Tips for Water Heater Services

From different tools and methods to other ways of installing, water heater installs can be made easier with helpful tips.

A service plumber’s dream come true is to repair and replace water heaters all day, right? Pretty straightforward work after you get the hang of it. But what happens when things don’t go your way?

What happens when the new one won’t fit in the spot or when the old unit won’t drain? What happens when the unit won’t drain and you’re on the second floor of a customer’s house? What happens when there’s no nearby floor drain to drain to? Any service plumber will tell you that these scenarios are all too familiar. An easy job turns into a fistfight. Here are some tips to make your workday easier.

Water Heater Won’t Drain

Before you hook your garden hose up to the drain valve, first try to open the drain valve and see if you get a decent flow of water coming out of the unit.

If you get very little water coming out, first make sure you are breaking the vacuum by opening some hot water faucets upstairs and seeing if that helps. If it doesn’t help, use a coat hanger, and try to stab it up into the drain valve a few times attempting to move the calcium buildup enough to get proper flow.

If the coat hanger trick isn’t working, it’s time to get some more serious tools. Keep a rig on your van that allows you to hook up an air compressor to a washing machine hose with a ball valve between the air compressor and the washing machine hose. You don’t need a giant compressor; any small compressor will do.

Let the compressor build up pressure with your ball valve in the closed position. Hook the garden hose up to the drain valve of the water heater. Make sure you have a hot water spigot on and blast a shot of compressed air into the drain valve to forcefully blow the calcium buildup further into the water heater, allowing the water a free path of exit.

If the air compressor trick doesn’t work, you can try hooking up a transfer pump to the drain valve. Sometimes a transfer pump has enough power to pull the debris that is lodged near the drain valve out of the water heater and establish flow. Sometimes though the debris may clog your pump which is an expensive loss to your tool arsenal.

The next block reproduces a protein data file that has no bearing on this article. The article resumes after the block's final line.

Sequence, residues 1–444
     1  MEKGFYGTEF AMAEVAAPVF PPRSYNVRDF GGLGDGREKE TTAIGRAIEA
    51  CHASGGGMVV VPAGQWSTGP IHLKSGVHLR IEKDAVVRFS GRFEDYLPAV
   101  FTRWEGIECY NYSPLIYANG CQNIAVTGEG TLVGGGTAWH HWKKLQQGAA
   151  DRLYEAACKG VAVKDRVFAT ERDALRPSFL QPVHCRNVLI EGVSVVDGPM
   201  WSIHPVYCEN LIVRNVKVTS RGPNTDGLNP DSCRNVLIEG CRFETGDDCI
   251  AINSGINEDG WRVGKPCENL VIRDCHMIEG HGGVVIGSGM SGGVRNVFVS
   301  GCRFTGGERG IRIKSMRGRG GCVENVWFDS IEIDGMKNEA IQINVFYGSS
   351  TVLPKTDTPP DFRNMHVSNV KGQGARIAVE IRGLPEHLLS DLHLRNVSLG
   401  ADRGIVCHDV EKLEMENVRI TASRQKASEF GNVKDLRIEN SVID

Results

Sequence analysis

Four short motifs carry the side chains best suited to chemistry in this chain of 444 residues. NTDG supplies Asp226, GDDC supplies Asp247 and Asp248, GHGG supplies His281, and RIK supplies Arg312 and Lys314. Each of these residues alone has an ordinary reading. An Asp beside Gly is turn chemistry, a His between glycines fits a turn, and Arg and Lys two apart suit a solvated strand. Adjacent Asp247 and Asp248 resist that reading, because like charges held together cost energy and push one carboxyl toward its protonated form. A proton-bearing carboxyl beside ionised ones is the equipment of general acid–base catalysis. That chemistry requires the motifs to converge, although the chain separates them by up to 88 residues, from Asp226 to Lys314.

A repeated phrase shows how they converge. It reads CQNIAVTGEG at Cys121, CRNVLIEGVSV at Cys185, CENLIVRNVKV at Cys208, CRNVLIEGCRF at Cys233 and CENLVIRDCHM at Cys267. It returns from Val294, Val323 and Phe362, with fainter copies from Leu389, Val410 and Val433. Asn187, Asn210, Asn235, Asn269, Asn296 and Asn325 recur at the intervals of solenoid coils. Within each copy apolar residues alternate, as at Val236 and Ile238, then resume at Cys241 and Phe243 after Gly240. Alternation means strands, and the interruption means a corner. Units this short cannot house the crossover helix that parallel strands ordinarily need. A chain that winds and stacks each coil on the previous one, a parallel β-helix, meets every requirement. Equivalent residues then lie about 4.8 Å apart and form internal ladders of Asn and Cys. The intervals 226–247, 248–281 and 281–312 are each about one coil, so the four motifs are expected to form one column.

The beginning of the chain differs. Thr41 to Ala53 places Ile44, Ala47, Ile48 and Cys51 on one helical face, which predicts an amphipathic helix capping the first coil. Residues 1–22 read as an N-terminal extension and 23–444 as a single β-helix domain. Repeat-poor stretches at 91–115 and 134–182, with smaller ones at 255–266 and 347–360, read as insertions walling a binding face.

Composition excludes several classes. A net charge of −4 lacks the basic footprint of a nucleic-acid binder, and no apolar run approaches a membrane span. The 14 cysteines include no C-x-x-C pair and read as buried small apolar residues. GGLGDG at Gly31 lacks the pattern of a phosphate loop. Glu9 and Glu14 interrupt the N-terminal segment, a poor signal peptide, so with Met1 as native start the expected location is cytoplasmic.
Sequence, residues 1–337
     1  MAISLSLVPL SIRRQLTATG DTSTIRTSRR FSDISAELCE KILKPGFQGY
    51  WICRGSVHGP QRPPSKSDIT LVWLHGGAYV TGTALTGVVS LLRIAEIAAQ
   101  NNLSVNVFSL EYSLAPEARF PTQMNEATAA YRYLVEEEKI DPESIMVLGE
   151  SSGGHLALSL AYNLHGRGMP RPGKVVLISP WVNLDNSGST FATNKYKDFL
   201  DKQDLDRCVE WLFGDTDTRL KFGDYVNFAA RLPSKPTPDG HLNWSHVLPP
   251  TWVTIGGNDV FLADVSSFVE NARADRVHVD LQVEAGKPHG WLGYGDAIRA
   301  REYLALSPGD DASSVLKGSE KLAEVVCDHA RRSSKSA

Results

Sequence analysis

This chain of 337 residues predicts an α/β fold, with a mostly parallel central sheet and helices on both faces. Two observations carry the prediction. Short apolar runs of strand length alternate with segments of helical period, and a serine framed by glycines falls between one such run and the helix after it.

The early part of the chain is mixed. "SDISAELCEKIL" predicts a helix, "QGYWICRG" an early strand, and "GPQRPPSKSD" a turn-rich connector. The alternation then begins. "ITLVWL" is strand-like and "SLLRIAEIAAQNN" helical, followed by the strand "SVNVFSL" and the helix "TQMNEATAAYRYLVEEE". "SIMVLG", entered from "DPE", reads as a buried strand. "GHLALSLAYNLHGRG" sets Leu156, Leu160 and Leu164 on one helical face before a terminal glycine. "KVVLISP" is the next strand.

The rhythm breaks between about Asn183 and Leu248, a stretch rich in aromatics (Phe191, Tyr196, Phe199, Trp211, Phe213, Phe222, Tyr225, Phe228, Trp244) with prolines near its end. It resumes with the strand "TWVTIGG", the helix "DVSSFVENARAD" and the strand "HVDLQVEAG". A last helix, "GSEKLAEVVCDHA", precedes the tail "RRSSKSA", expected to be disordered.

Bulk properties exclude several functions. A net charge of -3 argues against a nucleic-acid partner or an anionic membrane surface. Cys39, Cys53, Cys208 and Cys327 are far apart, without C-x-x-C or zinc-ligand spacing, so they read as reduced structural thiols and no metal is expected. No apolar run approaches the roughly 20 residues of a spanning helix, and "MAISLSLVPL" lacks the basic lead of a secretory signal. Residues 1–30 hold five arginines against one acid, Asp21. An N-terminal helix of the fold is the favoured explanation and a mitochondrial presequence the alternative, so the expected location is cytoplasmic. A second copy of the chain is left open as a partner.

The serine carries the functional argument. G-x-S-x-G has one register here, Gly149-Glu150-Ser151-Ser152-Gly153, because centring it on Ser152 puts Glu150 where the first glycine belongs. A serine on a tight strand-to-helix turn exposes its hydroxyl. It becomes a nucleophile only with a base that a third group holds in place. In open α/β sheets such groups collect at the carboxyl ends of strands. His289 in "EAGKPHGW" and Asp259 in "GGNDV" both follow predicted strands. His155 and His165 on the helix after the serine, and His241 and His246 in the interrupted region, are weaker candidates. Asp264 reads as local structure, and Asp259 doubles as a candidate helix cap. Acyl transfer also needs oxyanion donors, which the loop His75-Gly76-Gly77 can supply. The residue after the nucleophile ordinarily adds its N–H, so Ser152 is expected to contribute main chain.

If none of the above worked there is one last sure-proof method of removal. This method requires you to keep a tool on your van that will be used to suck the water out of the water heater through the top using a field made dip tube and a transfer pump. Keep a rig of 3/8-inch PEX tubing approximately 10 feet long and connect this PEX tubing to a washing machine hose. Connect the washing machine hose to your transfer pump. Remove the hot and cold piping from the top of the water heater and slide the PEX tubing down through the hot side outlet. Turn the pump on and pump the water out of the water heater through the top. Works every time.

Installing a Water Heater Pan

If you ever must install a water heater pan under a water heater there are a few tricks you can employ to get the job done faster. Pans can be annoying to place especially if the water heater is old and couldn’t be fully drained.

You can keep a set of those furniture movers lifting straps on your van. Place them around the water heater and follow proper lifting techniques to pick the water heater up kicking the pan under the unit and gently placing it back down. Most times you can do this by yourself because of the leverage of the lifting straps, but it is always better to have a helper for both the lifting as well as the pan placement.

New Water Heater Won’t Fit

Since the passing of the NAECA water heater standards, replacing tank-type water heaters has become more difficult. The new standard of adding 3 inches of insulation to both the top and around water heaters has made some replacements in tight spaces impossible.

While you can always upsell the customer on a tankless water heater in a situation like this, there needs to be an option on the table for customers who don’t want to spend that kind of money or don’t want a tankless water heater.  

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Anthony Pacilla has been in the trades since he was 9 years old (family business). He started cleaning toilets, mopping floors and putting fittings away in the warehouse. As he picked up skills, he would add becoming a ground man and laborer. When he was ready, Pacilla became an apprentice and then a journeyman plumber. He graduated college with a business and economics degree and immediately wanted to come back to work in the family business. A few years ago, Pacilla become a licensed master plumber. To contact Pacilla, email editor@plumbermag.com



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